The molebison, normally so quiet, didn’t have a thunderous roar. It was wheezy, almost breathless, and yet somehow that made it that much more terrifying as the sound slithered and crawled around her. Jova shivered involuntarily.
She smiled, nonetheless, at the sounds of swearing and fading feet.
It was not long before she heard horse hooves pounding past outside again. “Jova!” Roan shouted. “I saw the boys running out of here. Are you-.”
“I’m fine,” said Jova.
“I took care of it.”
There was a pause. “They looked…petrified.”
Jova just smiled.
“You are a frightening little girl,” said Roan. A statement, not a question.
“I do my best,” said Jova, patting Uten. She chose to enjoy the silence that followed.
“I found a pillow,” said Roan. “Braided, finely made. Come, Jova. I shall hold up either the woodcut, or the pillow. Shh or click, whichever you are comfortable with. Soon you will tell one from the other.”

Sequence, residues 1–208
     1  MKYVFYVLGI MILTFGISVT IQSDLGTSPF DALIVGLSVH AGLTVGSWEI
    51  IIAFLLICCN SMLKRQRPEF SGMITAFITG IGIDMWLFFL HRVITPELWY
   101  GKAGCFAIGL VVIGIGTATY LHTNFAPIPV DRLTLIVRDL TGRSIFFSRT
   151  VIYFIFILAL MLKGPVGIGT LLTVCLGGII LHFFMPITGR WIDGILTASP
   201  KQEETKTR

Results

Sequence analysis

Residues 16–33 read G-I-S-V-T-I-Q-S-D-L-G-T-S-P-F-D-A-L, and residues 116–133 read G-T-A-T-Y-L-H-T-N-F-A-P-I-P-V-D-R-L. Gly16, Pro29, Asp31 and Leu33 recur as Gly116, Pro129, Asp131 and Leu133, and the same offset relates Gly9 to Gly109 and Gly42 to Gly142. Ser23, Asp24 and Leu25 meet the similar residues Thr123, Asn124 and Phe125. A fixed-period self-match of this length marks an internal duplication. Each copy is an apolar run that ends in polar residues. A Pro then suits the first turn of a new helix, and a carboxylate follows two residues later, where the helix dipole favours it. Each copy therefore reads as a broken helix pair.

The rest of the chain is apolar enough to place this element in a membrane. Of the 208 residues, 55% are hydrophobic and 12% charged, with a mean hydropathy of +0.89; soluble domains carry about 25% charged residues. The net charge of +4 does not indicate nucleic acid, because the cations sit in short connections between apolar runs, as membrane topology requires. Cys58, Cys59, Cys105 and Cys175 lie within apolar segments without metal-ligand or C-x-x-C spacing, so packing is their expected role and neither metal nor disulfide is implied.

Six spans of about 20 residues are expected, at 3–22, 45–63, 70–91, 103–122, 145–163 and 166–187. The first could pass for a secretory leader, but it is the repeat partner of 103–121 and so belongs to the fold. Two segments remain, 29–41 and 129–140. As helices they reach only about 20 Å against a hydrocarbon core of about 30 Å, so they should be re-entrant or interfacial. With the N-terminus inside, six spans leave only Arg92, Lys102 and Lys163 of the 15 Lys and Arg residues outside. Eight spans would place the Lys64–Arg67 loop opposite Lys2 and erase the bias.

Jova moved towards Roan’s voice, doing her best to take full steps and not edge forward. “Roan…” she said, and she was smiling. Her heart was pumping fast; she felt almost giddy. “You said you wouldn’t teach me anything.”
“I will not teach you how to fight,” said Roan, imperiously. “But you, sad little girl, may learn to see. You may learn to smile.”
Jova nodded. “Thank you, Roan. Honest.”
Roan’s pause followed. “Come, Jova. We have barely begun.”
“Were you being born blind?”
“No,” said Jova. “It was an accident.” She felt her way across the stables, her fingers combing through the long hairs of the animals.
“I am finding this truth hard to believe,” said Roan, the steady clip of Stel’s hooves close behind Jova. “Was it an illness?”
“I didn’t get sick, if that’s what you mean,” said Jova. She did not elaborate.
“Your eyes were removed?”
A delicate way of putting it. Jova nodded, although she was not sure if Roan could see her.
“Like a pontiff’s sacrifice on the altar,” said Roan. “Except most of the sacrifices lose their lives with their eyes.” Jova wasn’t sure if he meant it as a joke or no.
Jova paused. “I had help.” It was the first time she had admitted it to anyone, including herself.